Wage garnishment occurs when a court issues an order that requires your employer to withhold a portion of your paycheck and send it directly to a person or entity to which you owe money. Generally, garnishment lasts until a particular debt is fully paid off. The debts for which a wage garnishment order may be entered include child support, student loans, taxes, and any debts that have been the subject of a collections lawsuit resulting in a judgment against you and a wage garnishment order. Except in the cases of child support, student loans, and taxes, a creditor cannot garnish your wages without first suing you, winning, and obtaining a court order.
An automatic stay issued during bankruptcy will immediately halt most wage garnishments, but a filer may still need to pay the debt eventually.
If a creditor wins a lawsuit, and a money judgment is entered on its behalf, the creditor can garnish your wages by giving a copy of the court order to the local sheriff, who then sends it to your employer. Federal and state regulations govern how much of your paycheck may be garnished. Under federal law, the lower of (1) up to 25% of your disposable earnings or (2) the amount by which your weekly income exceeds 30 times the minimum wage may be garnished. However, in some states, a lower percentage limit is set for the amount of your wages that can be garnished. Different rules apply to child support, student loans, and taxes.
Your employer may not retaliate against you because your wages have been garnished to pay off a single debt. However, under federal law, you are not protected against retaliation when more than one creditor has garnished your wages or your wages are being garnished by a single creditor for two or more debts. Some state laws provide more protection against retaliation.
Fighting Wage Garnishment
You can protest wage garnishment by filing papers and proving to the court that you need more of your paycheck to pay off your expenses or that you qualify for an exemption. If the judge will not terminate the garnishment, in some cases, filing for bankruptcy can stop wage garnishment. However, you should be aware that bankruptcy will not stop garnishment of child support or other non-dischargeable debts.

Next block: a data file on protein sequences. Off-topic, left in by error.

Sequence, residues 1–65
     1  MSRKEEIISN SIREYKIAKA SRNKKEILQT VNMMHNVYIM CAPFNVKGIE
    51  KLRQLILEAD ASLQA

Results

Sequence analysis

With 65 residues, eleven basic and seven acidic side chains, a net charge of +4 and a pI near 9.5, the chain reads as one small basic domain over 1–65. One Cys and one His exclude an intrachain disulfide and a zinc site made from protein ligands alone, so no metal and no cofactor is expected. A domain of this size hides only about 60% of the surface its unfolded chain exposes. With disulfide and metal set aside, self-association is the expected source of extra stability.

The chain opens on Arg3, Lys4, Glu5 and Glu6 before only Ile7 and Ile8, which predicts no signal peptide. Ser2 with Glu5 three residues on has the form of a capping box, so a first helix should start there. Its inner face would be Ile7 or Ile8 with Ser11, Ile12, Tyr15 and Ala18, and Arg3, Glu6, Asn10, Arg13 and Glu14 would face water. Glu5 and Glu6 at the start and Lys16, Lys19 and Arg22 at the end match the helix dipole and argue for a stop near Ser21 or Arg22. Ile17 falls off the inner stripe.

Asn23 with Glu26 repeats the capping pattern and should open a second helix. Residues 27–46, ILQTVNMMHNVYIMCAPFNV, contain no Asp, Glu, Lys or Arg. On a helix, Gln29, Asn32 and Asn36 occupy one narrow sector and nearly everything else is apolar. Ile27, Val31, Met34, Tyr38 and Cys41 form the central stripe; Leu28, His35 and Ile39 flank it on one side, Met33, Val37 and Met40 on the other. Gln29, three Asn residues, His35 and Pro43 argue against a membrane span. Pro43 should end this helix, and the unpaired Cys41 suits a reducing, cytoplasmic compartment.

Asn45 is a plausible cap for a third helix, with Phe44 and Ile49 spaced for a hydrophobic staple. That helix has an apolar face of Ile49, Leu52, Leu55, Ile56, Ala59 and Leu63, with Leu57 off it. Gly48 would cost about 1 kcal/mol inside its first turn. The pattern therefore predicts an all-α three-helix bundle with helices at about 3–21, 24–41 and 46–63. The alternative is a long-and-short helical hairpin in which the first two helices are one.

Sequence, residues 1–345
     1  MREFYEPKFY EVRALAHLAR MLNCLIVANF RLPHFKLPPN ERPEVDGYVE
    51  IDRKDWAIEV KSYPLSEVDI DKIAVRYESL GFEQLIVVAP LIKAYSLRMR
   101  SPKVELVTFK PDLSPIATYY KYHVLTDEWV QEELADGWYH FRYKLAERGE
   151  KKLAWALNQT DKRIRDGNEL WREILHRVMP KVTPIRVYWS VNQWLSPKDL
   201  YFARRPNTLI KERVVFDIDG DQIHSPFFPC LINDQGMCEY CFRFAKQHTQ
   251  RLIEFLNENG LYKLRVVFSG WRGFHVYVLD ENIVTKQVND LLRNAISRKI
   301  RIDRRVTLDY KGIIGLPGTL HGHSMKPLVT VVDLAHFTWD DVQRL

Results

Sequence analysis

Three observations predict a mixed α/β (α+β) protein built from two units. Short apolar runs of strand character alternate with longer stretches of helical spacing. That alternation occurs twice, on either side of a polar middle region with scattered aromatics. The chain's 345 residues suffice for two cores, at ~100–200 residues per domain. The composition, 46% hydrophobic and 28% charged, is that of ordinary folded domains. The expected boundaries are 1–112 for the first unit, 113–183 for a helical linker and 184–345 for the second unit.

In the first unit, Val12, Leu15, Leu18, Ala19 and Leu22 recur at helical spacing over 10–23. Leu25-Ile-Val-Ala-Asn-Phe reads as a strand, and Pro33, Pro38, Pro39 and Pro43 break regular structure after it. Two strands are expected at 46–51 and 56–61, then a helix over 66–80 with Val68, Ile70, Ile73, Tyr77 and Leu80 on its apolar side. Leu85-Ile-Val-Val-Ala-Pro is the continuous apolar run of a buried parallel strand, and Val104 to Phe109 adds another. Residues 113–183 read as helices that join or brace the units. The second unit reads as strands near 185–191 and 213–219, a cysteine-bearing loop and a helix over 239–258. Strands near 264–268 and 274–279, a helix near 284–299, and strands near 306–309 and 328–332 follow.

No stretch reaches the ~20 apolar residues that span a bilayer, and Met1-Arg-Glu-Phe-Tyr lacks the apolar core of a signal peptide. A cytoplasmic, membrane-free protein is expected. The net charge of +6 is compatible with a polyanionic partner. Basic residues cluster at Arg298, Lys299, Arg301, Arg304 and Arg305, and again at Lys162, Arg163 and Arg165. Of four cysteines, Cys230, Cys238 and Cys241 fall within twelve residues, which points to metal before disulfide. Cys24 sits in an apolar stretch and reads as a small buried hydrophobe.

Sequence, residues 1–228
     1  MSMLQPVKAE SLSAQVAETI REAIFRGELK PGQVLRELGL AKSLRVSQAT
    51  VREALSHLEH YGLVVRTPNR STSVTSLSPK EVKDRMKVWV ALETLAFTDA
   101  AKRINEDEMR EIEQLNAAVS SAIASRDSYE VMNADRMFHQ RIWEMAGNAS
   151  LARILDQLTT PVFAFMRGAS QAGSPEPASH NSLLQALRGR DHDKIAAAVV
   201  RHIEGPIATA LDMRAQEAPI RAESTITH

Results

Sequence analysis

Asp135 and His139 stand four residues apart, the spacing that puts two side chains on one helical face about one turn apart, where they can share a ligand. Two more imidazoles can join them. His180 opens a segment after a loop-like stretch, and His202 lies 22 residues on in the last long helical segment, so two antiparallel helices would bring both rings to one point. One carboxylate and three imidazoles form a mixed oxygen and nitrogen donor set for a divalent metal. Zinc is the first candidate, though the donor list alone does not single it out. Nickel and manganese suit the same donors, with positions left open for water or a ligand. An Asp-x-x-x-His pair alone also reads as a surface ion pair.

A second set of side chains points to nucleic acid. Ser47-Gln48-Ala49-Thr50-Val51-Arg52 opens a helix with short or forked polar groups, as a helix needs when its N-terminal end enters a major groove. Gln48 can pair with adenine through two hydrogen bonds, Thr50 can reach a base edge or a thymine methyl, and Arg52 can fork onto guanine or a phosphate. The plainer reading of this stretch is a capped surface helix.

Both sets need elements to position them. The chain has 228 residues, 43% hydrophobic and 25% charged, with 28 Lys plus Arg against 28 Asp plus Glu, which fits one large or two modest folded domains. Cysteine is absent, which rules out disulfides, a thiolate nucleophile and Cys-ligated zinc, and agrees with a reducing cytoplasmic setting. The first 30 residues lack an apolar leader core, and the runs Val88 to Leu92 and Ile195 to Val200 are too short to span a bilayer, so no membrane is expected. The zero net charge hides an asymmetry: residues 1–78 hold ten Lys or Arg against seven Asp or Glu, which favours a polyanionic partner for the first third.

Once you file for bankruptcy, an automatic stay will go into effect. This stops most collection activities, including wage garnishments, as long as the stay is in effect. The court will notify your creditors of the stay, but if the creditors are not alerted in time to stop wage garnishment, you can give notice of the bankruptcy to your employer’s payroll department, as well as the levying officer handling the wage garnishment (in most cases, the sheriff).
An automatic stay will not affect child support or alimony, since these are priority debts that are non-dischargeable. When any creditor that is affected by the stay wants to continue its collection efforts, it must prove to the court there is good cause to lift the stay. Generally, unsecured creditors that want to continue garnishing your wages cannot present good cause to get a stay lifted.
Did You Know?
After a bankruptcy case ends, and a filer’s debts are discharged, creditors may only resume garnishments on non-dischargeable debts.
Other than when the bankruptcy court lifts the stay on a creditor’s motion, an automatic stay will end when you receive a bankruptcy discharge or when the case is dismissed without a discharge. If the debt at issue was included in the discharge, the creditor will not be able to resume wage garnishment. However, if you do not get a discharge, the creditor can continue wage garnishment.
In some cases, you can also recover back wages that were garnished within 90 days prior to your filing of bankruptcy, when they are over $600 altogether (this amount changes periodically) and you have exemptions that cover them.